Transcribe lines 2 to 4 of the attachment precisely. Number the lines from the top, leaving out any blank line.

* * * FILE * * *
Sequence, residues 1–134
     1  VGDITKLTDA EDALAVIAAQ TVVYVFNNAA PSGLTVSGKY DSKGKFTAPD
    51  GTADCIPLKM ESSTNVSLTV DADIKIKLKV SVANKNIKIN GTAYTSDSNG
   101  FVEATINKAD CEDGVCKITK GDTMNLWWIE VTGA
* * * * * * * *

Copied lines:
     1  VGDITKLTDA EDALAVIAAQ TVVYVFNNAA PSGLTVSGKY DSKGKFTAPD
    51  GTADCIPLKM ESSTNVSLTV DADIKIKLKV SVANKNIKIN GTAYTSDSNG
   101  FVEATINKAD CEDGVCKITK GDTMNLWWIE VTGA